The purpose of this site is to promote change.
It does not promote a consulting or coaching business. However, it does promote a resources to enable change, specifically the book that Alissa Stavig (an MD) and I wrote to help address the fact that women make up only 15% of engineers - after decades of work. Meanwhile 35% of physicians are women.
We use lean and the learning from medicine to promote the change.
Regards, Bob Stavig
Lean efforts at its most basic level focuses on eliminating waste as a cost-cutting effort.
A more modern view of lean, utilizes lean to develop its people to grow its business.
Lean Reimagined and our book , uses the six Principles of Lean Development (LD) to focus on:
- developing all people such that they have the skills and capability to increase their contributions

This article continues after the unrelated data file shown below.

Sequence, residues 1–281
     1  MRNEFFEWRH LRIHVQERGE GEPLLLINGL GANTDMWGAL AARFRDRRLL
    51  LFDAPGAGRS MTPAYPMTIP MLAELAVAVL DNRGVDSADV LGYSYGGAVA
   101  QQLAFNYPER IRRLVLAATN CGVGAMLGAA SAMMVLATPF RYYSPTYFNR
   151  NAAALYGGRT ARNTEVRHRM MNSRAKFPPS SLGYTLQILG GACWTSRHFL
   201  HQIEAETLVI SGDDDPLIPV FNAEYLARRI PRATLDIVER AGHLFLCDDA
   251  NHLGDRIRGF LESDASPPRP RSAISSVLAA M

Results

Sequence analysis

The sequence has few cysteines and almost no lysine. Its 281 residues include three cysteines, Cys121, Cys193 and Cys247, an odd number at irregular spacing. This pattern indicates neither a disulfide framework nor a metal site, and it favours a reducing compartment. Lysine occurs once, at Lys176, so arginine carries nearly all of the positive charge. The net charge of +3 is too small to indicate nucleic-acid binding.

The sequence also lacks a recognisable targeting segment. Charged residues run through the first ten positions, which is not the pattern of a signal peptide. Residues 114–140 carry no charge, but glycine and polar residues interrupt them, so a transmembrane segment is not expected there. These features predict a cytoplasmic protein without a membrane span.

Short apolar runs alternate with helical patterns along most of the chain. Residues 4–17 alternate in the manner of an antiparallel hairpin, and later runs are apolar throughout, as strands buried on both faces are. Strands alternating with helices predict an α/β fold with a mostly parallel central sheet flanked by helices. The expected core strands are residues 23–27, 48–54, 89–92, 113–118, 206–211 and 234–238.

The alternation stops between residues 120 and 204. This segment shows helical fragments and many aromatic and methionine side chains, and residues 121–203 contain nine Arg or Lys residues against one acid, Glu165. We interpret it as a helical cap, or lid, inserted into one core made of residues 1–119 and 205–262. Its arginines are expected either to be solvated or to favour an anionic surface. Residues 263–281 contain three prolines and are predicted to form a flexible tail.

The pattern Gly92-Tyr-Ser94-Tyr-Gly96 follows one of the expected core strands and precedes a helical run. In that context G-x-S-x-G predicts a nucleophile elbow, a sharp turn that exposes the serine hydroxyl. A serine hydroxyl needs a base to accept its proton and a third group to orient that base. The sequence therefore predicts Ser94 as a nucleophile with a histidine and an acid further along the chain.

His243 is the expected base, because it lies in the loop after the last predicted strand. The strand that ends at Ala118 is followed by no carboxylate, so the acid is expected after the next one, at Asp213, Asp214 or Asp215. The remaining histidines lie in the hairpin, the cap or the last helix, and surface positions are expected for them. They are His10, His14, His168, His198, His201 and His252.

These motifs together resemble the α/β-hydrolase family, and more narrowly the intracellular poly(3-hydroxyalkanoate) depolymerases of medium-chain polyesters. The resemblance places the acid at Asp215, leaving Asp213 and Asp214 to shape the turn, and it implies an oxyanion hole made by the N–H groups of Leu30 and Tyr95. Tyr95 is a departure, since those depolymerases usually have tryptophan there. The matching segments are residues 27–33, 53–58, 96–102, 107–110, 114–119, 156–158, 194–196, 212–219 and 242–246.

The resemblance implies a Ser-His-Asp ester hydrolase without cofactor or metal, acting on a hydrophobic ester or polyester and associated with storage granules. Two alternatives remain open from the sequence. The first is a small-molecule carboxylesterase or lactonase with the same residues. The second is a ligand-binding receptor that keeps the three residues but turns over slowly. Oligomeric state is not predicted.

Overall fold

- recognizing waste in how the work is done and then utilize the LD principles to eliminate the waste
Visit "The book tab" for a flyer of the book
Lean Reimagined is always in place, it is always a focus, it is about the people doing the work and it enables the diversity of an organization.
Diversity drives better business results....
The increase of diversity through the retention of diverse individuals is driven by control over career through the access to knowledge, having satisfying work through changing the process, and the ability to go home on time. This results in creating a positive work climate and enabling a sense of belonging
Lean Development and its six principles are a method to do that work and develop people.
A way to reimagine the purpose of lean.
A core driver of the differences, between these two professions is how physicians are trained and learn as compared to engineers.
For physicians this helps to minimize bias, increase confidence, and create satisfying work thereby improving retention.
Retaining Women in Engineering
The Empowerment of Lean Development
Robert N. Stavig
Alissa R. Stavig, MD
Diversity drives better business results; however, despite decades of effort, women make up only 15% of engineering, this book approaches the problem of women leaving engineering from a systems level perspective to change the way engineering is done and level the playing field between men and women.